Those Crazy Coney Island Dayze: The Sexy Mermaid Parade

Those Crazy Coney Island Dayze: The Sexy Mermaid Parade

The Mermaid Parade is an annual event that first took place at Coney Island in 1983 and has been a very popular attraction ever since. The Mermaid Parade draws a huge crowd of celebrators, who don wild and outrageous costumes, with the parade’s naughty marchers wearing sea-themed outfits that often leave little to the imagination.

This year, clad in costumes that combined seashells and glitter, scores of exuberant revelers gyrated through Coney Island on Saturday. An estimated half-million people lined the sunny streets to watch ogle Brooklyn’s version of Mardi Gras. The flamboyant marchers, many of whom wore their costumes on the subway out to Coney Island, much to the amusement of their fellow riders, walked on the boardwalk alongside colorful floats and danced to several live bands blaring out top 40 hits and old-time standards.

The Coney Island Mermaid Parade

The 2011 Coney Island Mermaid Parade

Slide Show: The Coney Island Mermaid Parade

(Please Click Image to View Slide Show)

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Stonewall: The Proud Moment the Closet Door Finally Opened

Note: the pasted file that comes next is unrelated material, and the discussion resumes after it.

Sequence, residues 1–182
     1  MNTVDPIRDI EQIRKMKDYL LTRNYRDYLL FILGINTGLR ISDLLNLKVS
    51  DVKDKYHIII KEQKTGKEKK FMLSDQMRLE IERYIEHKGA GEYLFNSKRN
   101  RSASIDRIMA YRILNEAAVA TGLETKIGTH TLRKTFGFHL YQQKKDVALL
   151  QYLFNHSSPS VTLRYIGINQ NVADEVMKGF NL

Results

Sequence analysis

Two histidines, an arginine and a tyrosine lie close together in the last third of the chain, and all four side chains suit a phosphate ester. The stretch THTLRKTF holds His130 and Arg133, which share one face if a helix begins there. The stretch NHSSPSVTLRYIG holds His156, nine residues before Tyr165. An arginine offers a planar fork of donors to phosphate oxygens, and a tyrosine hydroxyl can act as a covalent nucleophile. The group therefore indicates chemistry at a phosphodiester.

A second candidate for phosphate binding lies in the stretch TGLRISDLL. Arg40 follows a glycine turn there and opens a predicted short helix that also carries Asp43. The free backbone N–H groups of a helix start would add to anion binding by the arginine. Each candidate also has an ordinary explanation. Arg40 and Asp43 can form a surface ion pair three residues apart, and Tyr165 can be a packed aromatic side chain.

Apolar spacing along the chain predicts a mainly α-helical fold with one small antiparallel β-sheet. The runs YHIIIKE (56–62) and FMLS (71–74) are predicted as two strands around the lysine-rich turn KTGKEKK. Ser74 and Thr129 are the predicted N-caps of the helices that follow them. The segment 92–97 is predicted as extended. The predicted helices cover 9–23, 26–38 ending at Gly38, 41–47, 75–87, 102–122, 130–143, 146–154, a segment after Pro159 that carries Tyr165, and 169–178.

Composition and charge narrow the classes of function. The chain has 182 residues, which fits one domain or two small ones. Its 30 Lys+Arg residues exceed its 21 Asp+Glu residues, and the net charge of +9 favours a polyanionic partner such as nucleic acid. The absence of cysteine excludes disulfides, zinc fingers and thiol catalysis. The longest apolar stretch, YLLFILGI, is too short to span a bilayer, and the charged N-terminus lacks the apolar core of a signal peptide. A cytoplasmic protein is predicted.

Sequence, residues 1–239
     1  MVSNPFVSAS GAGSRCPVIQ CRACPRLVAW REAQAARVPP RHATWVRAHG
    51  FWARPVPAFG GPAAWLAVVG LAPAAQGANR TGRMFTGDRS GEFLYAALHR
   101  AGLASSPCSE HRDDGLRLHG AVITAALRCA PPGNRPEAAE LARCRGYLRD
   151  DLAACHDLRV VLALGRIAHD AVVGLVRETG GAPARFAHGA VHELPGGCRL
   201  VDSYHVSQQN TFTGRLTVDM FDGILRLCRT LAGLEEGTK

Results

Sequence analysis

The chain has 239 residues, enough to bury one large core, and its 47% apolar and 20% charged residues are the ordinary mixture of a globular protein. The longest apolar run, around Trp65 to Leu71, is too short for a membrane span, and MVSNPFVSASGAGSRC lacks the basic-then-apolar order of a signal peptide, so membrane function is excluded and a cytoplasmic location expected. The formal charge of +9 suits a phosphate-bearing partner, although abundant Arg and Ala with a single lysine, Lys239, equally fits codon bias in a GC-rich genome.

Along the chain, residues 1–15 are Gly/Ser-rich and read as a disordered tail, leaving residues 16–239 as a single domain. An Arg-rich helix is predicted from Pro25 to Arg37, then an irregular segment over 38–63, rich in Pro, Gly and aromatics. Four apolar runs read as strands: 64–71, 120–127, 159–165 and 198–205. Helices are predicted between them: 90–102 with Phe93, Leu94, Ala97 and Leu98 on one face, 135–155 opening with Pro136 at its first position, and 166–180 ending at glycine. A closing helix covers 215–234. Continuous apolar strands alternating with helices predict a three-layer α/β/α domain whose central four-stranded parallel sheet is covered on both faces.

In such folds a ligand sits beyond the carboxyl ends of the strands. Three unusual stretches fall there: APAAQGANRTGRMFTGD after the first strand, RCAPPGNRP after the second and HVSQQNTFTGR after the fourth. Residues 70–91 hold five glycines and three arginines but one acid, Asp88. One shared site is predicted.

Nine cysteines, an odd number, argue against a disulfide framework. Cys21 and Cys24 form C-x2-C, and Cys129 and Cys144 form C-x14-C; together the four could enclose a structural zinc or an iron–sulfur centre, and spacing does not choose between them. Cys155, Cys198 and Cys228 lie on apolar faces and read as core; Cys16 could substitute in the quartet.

Stonewall: The Proud Moment the Closet Door Finally Opened

America may finally be legalizing gay marriage in 2012, but the real beginning of the modern gay rights movement began in 1969 at NYC’s Stonewall Inn in Greenwich Village. On June 28, 1969, police officers raided the Stonewall Inn, which immediately sparked a series of violent protests. To commemorate the event, a parade is held on the last Saturday of June every year. Relive the history of the gay rights movement:

The Stone Wall Against Oppression

The First March: The Closet Door Opens

The Stonewall Riots: A Night That Changed the World

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Gay Pride Month: Celebrating Loving Feelings for Others

Gay Pride Month: Celebrating Loving Feelings for Others

It’s the Dream Afraid of Waking,
That Never Takes a Chance
.”

On What We Need: First Day of My Life

For all of us, there are genuine needs and wishes, deep longings for human warmth, empathic responsiveness, trust, mutual recognition and creative playfulness. These are many of the ingredients that we think of when we speak of love, or the loving feelings we have for the cherished other person.

Of such feelings about a beloved, one might quietly reflect that, “I’m so glad I didn’t die before I met you.”

Bright Eyes: First Day of My Life

The Times of Harvey Milk: A Documentary Portrait